OK, on to the actual recipe. For me, baby artichokes are a bit more work than full sized ones because I like to trim them and skin the stems rather than just chopping them off in the larger variety. Of course, you don't have to do it this way, but I like to eat the whole stem with the heart (of the baby artichoke) and if I don't cut off the outer layer it just isn't tasty.
First, I break off the outer leaves until I see a light yellow and a white color around the base of the leaves. Then, I take my paring knife and skin the stem, chopping off the very end, until it is that nice shade of light green. Then I throw them all in a steaming basket above a large pot of water and boil them until the leaves come off easily. For these, it took about 40 minutes. I also added a few cloves of garlic to the water (which I will discuss later) but you could also add lemon slices to infuse a bit of flavor into the artichokes.
When they were finished, I took a few out and started breaking them apart to give to my hungry children. They were probably a tad overdone as you can see how dark they became, but nevertheless a fantastic treat.
Most of the time, the outer leaves are fairly inedible, providing very little 'meat' that would normally be scraped off with one's teeth. I had to peel off quite a few of them to get to the nice yellow leaves that are tender enough for Piper to eat. Heidi actually eats the whole leaf, no matter what kind you put in front of her.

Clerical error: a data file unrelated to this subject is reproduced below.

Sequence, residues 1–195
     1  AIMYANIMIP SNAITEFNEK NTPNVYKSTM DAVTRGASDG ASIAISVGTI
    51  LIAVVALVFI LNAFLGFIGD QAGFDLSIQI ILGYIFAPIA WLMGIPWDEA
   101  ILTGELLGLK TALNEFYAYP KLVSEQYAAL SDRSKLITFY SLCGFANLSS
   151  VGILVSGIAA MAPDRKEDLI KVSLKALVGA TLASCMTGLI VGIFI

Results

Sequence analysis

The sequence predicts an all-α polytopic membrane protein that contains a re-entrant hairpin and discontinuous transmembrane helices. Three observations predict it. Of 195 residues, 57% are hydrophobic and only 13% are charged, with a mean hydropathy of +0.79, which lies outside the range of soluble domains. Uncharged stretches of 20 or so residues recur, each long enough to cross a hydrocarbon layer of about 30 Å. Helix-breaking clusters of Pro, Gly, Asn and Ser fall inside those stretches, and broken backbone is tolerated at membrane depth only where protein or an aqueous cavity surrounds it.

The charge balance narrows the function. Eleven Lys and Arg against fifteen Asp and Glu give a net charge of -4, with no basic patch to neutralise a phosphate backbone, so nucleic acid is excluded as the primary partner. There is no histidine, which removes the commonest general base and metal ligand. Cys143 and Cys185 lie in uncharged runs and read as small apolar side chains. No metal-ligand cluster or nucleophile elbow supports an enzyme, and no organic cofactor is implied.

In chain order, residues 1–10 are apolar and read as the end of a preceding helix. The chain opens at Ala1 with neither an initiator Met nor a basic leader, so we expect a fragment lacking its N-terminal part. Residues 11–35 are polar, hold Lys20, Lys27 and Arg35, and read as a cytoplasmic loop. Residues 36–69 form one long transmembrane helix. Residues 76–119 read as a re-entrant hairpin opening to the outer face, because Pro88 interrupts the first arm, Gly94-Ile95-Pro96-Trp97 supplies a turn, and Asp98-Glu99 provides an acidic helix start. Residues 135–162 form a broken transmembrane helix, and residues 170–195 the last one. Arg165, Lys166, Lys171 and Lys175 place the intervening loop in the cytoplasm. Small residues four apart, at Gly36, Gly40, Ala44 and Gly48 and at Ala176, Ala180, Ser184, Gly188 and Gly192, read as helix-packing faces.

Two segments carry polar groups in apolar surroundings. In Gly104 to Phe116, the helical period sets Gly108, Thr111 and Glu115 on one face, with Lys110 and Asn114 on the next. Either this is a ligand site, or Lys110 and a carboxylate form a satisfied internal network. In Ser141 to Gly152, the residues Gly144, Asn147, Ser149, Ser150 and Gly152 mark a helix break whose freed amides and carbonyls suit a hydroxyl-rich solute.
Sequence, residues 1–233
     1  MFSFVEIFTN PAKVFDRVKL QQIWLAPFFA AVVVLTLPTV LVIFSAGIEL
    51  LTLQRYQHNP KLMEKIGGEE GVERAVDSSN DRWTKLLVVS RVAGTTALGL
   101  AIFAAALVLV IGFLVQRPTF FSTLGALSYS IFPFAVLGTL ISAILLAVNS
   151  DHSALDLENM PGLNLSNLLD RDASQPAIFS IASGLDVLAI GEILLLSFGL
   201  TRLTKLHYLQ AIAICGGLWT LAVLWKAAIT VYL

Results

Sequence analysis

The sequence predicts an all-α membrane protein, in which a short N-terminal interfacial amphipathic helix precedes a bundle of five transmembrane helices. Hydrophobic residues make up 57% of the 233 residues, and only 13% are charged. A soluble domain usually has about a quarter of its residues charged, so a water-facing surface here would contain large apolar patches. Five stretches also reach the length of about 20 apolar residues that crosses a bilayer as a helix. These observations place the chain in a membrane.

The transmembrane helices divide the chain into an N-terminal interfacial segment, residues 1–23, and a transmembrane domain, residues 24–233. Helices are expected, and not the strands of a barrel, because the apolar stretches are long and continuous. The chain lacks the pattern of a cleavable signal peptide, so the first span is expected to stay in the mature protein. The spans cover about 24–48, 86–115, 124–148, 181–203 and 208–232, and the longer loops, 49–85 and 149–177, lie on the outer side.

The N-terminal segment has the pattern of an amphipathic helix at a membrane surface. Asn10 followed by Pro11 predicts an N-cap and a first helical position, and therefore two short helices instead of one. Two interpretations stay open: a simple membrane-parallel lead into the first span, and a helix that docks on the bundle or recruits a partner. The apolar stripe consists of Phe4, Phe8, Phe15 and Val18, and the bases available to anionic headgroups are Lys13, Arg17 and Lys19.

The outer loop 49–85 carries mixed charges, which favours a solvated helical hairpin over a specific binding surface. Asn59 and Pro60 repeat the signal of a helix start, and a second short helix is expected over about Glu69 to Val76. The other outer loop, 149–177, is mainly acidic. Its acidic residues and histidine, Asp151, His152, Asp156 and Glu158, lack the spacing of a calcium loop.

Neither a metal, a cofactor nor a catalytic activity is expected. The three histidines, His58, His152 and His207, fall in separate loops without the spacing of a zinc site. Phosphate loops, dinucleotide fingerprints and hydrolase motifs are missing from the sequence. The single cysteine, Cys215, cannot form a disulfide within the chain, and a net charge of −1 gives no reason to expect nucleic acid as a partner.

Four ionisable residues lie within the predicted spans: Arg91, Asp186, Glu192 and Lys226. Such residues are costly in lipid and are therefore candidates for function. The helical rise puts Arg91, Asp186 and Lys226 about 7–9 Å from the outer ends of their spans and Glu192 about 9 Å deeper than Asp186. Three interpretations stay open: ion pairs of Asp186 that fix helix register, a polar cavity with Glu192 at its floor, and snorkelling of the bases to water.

Now, you may be wondering if we just eat these fabulous vegetables plain or if I make some sort of mind altering sauce to dip them in. It's the latter. And here is how I do it.
First, I fill the bottom part of the bowl with fresh lemon juice. Ultimately, the sauce is all up 'to taste' so you can always add more throughout the process or less the next time you do it. Then I add some sprinkles of Bragg's Amino Acids, generally enough to change the color of the lemon. (To see my post on Bragg's, click here.)
In the above photo, I added a clove of the boiled garlic to the lemon and Bragg's.
After I added the luscious clove of garlic to the lemon and Bragg's, I added about a tablespoon of butter.
Then I pop it into the microwave for 30 seconds if the butter is ice cold, maybe 25 seconds if it is room temperature, depending on your microwave. Then you'll want to check it to see if all the butter has melted or if it needs a bit more time.
At last! The sauce is complete! Be careful, it will be hot, but it will provide the most delicious dipping sauce for your artichokes you have ever tasted! Generally speaking, I like to use this sauce on any vegetable I eat, though I do not always use the butter (and of course I don't always have garlic).
Heidi enjoyed dipping her entire leaf into the sauce and sucking it all off before gobbling the whole thing.
Try it, love it, use it on everything for the rest of your life! :)